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Murder Victims’ Relative Seeks Wider State DNA Database

Times Staff Writer

Nearly a quarter-century after his brother and sister-in-law were murdered in their Laguna Niguel home, Bruce Harrington is spearheading an effort to use DNA to find the killer and to solve hundreds of other cold cases throughout California.

Harrington is the force behind a proposed voter initiative that would expand California’s DNA database to include every convicted felon in the state. The initiative would also allow local agencies to collect DNA evidence from people arrested on suspicion of murder and rape, and beginning in 2009, from anyone arrested on suspicion of committing a felony.

“What’s driving me is a sense of wanting to avenge the death of my brother and his wife,” said Harrington, a Newport Beach real estate developer. “I believe that DNA technology is the last practical hope of resolving the who and why of [their] deaths.”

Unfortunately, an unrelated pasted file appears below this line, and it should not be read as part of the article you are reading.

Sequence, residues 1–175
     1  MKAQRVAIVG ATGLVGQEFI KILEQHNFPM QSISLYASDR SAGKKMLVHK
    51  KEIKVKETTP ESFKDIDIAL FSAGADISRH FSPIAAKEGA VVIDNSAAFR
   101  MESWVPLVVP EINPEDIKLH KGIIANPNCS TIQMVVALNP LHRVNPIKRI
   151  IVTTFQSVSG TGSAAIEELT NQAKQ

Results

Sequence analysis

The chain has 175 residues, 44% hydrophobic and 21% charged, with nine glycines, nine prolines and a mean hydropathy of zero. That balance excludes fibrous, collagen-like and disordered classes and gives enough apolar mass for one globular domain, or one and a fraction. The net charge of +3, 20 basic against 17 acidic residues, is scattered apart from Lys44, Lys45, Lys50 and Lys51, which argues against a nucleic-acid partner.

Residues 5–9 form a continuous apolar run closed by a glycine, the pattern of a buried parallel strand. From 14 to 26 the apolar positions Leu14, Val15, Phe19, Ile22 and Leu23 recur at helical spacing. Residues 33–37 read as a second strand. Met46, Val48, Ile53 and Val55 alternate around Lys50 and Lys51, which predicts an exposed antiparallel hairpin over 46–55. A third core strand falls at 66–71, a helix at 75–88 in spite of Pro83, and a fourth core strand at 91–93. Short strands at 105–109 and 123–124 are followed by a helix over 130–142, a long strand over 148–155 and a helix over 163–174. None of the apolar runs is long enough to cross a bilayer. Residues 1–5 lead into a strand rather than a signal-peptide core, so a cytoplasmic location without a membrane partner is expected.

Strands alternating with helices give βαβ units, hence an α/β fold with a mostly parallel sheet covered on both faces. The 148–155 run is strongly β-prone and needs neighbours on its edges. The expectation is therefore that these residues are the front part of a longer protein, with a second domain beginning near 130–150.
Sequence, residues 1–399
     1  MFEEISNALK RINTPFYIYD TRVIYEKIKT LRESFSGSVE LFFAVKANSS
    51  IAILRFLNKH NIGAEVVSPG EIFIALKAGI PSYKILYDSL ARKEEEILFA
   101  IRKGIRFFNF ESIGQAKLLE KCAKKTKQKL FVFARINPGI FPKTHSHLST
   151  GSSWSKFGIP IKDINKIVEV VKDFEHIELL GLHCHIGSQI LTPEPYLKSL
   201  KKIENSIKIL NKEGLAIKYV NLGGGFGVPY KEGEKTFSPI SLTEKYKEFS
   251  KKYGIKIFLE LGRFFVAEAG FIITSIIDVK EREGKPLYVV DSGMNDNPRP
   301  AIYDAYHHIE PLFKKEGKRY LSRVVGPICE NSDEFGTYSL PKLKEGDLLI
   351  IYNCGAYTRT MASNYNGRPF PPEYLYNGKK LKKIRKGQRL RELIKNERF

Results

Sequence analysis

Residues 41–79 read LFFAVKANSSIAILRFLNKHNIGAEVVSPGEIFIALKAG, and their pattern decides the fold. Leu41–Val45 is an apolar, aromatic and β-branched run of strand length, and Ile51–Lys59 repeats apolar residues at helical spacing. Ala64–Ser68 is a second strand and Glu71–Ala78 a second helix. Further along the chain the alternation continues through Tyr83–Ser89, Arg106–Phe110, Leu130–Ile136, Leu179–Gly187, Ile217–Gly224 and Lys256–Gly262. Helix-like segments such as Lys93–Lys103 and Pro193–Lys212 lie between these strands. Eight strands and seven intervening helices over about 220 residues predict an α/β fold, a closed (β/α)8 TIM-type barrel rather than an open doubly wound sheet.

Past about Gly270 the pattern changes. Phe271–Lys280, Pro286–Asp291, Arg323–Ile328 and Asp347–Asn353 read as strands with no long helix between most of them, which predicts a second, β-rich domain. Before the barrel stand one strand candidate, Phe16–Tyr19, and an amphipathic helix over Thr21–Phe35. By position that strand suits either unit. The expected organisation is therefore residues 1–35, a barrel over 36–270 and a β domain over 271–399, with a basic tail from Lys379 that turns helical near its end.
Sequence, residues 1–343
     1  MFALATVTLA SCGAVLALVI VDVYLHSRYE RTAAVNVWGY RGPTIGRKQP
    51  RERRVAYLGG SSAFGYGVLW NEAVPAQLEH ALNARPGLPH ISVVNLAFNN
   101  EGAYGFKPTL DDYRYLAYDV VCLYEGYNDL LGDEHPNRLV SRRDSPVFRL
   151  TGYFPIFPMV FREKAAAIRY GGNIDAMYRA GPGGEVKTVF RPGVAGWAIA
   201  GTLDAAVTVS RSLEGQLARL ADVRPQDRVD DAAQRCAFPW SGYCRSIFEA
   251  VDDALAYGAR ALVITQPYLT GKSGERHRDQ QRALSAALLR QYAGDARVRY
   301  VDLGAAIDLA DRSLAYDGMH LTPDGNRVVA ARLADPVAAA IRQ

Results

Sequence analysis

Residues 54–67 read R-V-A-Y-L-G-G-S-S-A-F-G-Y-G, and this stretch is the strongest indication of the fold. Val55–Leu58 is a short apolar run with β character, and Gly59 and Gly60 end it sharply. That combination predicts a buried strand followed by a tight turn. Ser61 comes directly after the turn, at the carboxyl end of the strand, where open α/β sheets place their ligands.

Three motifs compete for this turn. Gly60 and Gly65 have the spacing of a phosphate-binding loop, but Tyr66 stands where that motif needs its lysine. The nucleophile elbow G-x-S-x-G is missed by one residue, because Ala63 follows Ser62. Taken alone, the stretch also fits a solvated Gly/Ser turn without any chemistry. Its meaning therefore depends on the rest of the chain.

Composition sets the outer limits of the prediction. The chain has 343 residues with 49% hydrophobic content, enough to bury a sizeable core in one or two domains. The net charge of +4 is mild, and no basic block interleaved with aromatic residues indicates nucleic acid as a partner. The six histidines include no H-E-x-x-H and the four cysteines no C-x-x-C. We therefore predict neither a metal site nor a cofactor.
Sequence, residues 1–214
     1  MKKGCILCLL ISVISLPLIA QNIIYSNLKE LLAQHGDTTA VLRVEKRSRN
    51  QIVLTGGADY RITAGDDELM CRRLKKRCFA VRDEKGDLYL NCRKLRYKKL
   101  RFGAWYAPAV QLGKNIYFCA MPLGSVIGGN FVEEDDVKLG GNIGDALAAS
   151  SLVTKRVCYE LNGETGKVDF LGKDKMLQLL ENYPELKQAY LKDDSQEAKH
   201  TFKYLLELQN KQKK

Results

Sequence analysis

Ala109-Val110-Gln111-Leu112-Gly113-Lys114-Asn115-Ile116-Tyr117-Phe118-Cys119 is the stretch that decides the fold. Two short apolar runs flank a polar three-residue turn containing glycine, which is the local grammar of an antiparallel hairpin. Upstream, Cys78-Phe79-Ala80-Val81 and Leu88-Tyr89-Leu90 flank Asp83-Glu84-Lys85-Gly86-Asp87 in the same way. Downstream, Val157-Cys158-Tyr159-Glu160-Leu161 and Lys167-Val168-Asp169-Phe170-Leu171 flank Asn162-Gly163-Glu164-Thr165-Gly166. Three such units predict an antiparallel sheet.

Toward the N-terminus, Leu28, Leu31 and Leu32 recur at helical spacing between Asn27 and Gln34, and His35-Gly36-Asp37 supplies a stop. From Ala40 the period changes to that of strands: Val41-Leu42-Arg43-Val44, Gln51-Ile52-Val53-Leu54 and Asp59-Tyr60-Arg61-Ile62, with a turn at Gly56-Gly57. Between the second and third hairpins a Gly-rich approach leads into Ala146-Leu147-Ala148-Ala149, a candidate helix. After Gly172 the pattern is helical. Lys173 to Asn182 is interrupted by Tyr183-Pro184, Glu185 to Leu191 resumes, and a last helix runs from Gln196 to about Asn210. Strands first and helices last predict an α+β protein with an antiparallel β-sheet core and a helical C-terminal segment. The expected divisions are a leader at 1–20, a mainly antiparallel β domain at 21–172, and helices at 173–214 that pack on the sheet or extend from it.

Although detectives used DNA evidence to link the deaths of newlyweds Keith and Patty Harrington to four other Orange County slayings, they have been unable to solve the case. They suspect that the perpetrator is either in prison or dead.

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Prosecutors say an expanded database would help catch criminals, solve cold cases and exonerate the innocent. A bill with similar provisions failed in the state Legislature earlier this year, amid concerns over its cost and impact on civil liberties.

“This is the new fingerprint identification system,” Los Angeles County Dist. Atty. Steve Cooley said. “The science is there. We just have to capture it and optimize our use of it. We know that this is the way to go.”